It’s the middle act, the turn, that deserves more attention for its writing sleight-of-hand. In narrative terms, the point of this section is to show us that, when the Whites wish on the monkey’s paw for two hundred pounds, the consequences were that their son, Herbert, was tragically and horrifically killed (“Caught in the machinery” of both factory and plot – a zeugma so satisfying, Jacobs makes sure it’s repeated in the dialogue), the compensation amounting to the very sum for which they wished. It’s a development that could have been reported in a couple of sentences but instead Jacobs gives a bravura display of dramatic irony, heightening every moment as the contentment built over a shared lifetime is cut away from the Whites like the paw from the monkey’s arm, and shredded like Herbert on the Maw and Meggins’ factory floor.
We’ve bolted down the jovial family breakfast, laughing off the silliness of the previous evening before Herbert takes his comedy routine off to work with him, but when, later, Mrs White is distracted by a strange, well-dressed young man at the front gate, Fate shudders to a halt and turns, slowly, gravely, to set off on its new direction:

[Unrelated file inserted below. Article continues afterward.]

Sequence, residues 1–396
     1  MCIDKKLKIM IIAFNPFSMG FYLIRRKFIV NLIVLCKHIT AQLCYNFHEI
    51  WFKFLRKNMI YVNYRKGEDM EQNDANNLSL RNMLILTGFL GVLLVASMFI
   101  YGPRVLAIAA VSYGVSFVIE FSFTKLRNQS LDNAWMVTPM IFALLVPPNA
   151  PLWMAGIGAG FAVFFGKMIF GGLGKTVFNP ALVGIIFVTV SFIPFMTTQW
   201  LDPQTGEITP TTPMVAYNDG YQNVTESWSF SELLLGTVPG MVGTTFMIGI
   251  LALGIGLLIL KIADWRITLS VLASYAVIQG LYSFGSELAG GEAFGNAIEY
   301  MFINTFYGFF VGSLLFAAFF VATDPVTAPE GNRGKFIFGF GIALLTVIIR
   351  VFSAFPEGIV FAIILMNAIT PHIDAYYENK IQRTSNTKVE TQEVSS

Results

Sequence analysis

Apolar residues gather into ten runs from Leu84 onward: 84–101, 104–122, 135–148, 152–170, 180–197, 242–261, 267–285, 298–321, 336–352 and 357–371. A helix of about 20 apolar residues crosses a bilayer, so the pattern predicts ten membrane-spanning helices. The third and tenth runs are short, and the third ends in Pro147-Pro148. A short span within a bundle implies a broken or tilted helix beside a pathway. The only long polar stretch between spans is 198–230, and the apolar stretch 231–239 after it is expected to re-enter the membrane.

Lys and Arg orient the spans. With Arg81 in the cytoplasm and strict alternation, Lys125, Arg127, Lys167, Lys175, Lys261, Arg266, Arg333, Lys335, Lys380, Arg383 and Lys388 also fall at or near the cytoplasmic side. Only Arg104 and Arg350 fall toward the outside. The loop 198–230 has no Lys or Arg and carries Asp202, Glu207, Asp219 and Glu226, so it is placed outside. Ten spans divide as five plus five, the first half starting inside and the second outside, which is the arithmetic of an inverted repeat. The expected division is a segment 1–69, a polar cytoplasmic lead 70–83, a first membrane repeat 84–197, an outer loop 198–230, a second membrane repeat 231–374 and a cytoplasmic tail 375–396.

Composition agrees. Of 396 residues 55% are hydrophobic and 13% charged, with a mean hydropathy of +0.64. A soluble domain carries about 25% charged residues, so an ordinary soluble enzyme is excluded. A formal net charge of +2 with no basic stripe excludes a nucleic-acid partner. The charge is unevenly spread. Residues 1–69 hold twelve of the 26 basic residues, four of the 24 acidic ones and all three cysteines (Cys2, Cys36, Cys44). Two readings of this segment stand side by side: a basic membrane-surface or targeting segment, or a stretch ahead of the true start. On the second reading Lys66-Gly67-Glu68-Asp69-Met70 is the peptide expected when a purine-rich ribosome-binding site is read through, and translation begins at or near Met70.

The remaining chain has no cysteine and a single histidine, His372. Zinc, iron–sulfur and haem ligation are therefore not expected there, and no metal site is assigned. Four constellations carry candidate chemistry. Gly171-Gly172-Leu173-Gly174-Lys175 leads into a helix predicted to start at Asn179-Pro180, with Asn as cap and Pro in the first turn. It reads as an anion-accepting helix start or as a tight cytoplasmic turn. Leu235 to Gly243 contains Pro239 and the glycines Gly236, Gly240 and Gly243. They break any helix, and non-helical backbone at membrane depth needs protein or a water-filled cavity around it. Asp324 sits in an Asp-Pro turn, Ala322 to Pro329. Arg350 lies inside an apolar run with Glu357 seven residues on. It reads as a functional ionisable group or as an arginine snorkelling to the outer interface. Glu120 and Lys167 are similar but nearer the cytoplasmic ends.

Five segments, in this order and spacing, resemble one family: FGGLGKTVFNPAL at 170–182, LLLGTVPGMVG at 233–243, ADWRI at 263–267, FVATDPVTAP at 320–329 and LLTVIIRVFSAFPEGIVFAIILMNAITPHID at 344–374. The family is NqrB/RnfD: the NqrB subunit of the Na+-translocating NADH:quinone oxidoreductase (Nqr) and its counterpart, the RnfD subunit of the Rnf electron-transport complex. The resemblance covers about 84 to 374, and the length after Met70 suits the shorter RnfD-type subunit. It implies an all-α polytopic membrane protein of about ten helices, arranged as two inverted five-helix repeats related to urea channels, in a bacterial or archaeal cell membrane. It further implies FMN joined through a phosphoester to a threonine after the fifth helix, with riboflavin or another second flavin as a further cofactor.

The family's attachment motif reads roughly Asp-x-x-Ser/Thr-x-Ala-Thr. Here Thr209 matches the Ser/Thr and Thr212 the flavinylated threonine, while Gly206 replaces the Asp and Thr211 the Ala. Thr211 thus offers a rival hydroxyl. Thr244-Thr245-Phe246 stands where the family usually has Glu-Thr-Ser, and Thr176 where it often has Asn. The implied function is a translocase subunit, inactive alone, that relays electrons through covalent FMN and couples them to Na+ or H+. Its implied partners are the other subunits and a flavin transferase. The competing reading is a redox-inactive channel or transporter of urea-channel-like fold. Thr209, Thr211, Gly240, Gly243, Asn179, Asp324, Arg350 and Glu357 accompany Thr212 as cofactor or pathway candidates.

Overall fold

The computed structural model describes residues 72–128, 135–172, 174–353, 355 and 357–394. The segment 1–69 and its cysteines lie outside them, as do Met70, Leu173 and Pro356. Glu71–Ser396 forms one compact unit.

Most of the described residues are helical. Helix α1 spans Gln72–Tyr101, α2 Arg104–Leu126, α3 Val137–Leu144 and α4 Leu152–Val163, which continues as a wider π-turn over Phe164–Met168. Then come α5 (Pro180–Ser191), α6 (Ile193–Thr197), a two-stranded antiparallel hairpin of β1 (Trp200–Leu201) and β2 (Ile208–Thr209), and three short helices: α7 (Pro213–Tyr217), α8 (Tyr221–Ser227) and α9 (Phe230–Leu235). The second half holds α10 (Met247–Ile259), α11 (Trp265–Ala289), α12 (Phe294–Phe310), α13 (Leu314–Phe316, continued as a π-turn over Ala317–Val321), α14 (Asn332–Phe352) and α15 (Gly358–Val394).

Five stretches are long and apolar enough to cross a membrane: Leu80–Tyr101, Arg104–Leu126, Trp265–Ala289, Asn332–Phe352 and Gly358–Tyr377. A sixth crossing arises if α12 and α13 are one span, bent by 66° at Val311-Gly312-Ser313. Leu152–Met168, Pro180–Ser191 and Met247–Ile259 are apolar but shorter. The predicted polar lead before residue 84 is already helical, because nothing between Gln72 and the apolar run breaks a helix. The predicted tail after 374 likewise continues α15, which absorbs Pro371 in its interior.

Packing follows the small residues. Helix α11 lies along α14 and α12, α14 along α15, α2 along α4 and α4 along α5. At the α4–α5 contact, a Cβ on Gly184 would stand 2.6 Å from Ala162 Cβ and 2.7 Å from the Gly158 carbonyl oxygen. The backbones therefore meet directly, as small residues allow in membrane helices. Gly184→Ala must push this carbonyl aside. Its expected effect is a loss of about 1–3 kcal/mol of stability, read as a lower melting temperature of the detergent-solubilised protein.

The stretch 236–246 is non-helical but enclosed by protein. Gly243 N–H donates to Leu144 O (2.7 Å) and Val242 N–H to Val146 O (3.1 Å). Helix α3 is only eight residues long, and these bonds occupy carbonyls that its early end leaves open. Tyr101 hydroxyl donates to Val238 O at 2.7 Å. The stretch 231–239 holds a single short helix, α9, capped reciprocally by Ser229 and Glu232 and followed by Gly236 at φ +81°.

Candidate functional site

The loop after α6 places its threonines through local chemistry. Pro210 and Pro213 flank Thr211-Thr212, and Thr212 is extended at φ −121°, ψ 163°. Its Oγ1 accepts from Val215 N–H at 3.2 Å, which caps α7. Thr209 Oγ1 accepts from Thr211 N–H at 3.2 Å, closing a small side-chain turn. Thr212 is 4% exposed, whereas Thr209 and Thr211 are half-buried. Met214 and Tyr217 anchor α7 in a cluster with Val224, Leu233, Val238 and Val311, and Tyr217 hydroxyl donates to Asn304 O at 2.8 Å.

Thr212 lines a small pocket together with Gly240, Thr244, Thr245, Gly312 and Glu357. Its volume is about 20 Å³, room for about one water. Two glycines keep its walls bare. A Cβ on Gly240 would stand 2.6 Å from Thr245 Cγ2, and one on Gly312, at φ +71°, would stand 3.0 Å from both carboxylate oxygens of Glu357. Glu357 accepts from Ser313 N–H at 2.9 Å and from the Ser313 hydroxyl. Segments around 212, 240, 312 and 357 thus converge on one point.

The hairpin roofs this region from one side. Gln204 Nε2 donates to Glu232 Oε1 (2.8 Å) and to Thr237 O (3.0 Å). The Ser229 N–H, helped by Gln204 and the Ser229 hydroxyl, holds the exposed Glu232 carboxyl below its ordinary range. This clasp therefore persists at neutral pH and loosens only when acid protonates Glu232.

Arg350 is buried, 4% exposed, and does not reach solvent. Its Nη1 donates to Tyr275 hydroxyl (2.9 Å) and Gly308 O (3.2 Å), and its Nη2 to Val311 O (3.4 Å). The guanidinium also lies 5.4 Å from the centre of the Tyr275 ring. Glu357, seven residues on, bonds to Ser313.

His wife made no reply. She was watching the mysterious movements of a man outside, who, peering in an undecided fashion at the house, appeared to be trying to make up his mind to enter. In mental connection with the two hundred pounds, she noticed that the stranger was well dressed and wore a silk hat of glossy newness. Three times he paused at the gate, and then walked on again. The fourth time he stood with his hand upon it, and then with sudden resolution flung it open and walked up the path. Mrs. White at the same moment placed her hands behind her, and hurriedly unfastening the strings of her apron, put that useful article of apparel beneath the cushion of her chair.